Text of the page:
Judge Blocks Biden’s HHS Rule Expanding Gender Orientation Protections

A federal judge in Mississippi blocked a proposed rule from Biden’s Department of Health and Human Services (HHS) that would have compelled healthcare entities to accept gender ideology.

U.S. District Judge Louis Guirola Jr. ruled that HHS expanded its authority upon proposing the rule extending anti-sex discrimination laws to include gender identity.

A group of Republican attorney generals, led by Tennessee AG Jonathan Skrmetti, said the rule would force states to cover transgender surgeries for minors.

Guirola wrote that he was blocking the rule “in so far as this final rule is intended to extend discrimination on the basis of sex to include discrimination on the basis of gender identity.” He found that “Plaintiffs have demonstrated that there is a substantial likelihood of success on the merits of their claims and that they will suffer irreparable harm in the form of either compliance costs or lost federal funding.”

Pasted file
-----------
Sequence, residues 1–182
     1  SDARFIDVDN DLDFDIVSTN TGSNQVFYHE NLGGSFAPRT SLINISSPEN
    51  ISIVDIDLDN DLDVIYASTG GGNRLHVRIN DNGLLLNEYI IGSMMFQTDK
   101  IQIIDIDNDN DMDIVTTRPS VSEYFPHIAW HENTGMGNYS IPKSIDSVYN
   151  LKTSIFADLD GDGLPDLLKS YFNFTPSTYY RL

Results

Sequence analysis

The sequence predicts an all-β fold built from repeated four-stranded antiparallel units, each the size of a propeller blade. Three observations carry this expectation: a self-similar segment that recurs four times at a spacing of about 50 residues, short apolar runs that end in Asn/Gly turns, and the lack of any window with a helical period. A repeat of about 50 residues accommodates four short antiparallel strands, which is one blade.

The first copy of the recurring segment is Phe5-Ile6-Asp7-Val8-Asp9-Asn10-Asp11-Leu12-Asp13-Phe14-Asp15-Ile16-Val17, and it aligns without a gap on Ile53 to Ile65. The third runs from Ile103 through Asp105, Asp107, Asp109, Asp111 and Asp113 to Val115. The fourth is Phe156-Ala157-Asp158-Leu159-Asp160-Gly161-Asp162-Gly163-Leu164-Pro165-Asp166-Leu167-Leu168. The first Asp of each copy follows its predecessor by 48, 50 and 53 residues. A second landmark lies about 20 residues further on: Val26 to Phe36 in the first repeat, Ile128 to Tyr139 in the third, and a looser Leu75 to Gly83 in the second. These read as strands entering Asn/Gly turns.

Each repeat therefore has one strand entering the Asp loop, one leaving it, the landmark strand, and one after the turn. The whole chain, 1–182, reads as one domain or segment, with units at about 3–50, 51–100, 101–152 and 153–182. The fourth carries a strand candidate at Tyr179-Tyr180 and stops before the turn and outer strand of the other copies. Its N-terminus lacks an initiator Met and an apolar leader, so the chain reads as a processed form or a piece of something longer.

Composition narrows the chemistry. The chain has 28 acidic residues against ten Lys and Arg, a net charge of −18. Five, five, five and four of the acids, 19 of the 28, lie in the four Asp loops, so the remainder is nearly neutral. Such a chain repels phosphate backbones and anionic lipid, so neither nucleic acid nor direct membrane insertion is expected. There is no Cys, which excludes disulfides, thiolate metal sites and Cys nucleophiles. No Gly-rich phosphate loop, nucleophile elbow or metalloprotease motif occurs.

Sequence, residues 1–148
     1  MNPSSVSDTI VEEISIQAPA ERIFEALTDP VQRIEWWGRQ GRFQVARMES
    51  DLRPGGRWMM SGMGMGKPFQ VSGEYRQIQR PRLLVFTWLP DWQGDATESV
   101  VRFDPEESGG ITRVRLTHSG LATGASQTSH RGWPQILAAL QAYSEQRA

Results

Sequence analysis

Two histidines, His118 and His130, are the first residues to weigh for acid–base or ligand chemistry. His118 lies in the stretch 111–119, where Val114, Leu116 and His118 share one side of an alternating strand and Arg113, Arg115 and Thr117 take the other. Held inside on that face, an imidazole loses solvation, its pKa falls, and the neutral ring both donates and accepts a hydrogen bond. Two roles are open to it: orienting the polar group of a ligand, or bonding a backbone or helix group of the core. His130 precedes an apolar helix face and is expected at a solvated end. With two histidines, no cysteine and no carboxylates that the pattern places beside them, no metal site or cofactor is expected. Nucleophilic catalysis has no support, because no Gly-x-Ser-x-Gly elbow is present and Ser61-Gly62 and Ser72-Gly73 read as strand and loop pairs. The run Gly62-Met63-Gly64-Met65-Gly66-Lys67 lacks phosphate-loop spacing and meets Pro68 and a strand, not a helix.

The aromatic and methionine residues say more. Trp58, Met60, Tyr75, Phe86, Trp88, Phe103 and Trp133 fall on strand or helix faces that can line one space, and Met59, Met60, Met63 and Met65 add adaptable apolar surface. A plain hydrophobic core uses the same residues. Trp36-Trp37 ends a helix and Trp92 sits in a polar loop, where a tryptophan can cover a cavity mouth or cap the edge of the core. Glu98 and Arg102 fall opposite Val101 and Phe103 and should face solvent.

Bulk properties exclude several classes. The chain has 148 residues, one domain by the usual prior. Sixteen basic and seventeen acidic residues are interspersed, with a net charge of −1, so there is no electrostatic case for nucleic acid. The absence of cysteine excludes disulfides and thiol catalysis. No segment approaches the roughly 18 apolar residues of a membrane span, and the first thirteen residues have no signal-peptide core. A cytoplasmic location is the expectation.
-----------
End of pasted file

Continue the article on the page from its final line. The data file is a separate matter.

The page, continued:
“HHS acted unreasonably when it relied on Bostock’s analysis in order to conflate the phrase ‘on the basis of sex’ with the phrase ‘on the basis of gender identity,'” the judge added, referring to a 2020 Supreme Court ruling regarding gender identity protections.

In a statement responding to the ruling, Skrmetti said, “Today a federal court said no to the Biden administration’s attempt to illegally force every health care provider in America to adopt the most extreme version of gender ideology.”

“The administration has over and over again issued regulations that mangle the law to advance an ideological agenda,” Skrmetti continued. “This case is just one of many examples of Tennessee working with other states to block the unlawful abuse of regulatory power. Today’s order puts the rule on pause while we keep fighting to ensure this illegal rule never goes into effect.”

Fifteen GOP-led states, Tennessee, Mississippi, Alabama, Georgia, Indiana, Kansas, Kentucky, Louisiana, Nebraska, Ohio, Oklahoma, South Carolina, South Dakota, Virginia, and West Virginia, sued the Biden administration over the proposed rule in June.

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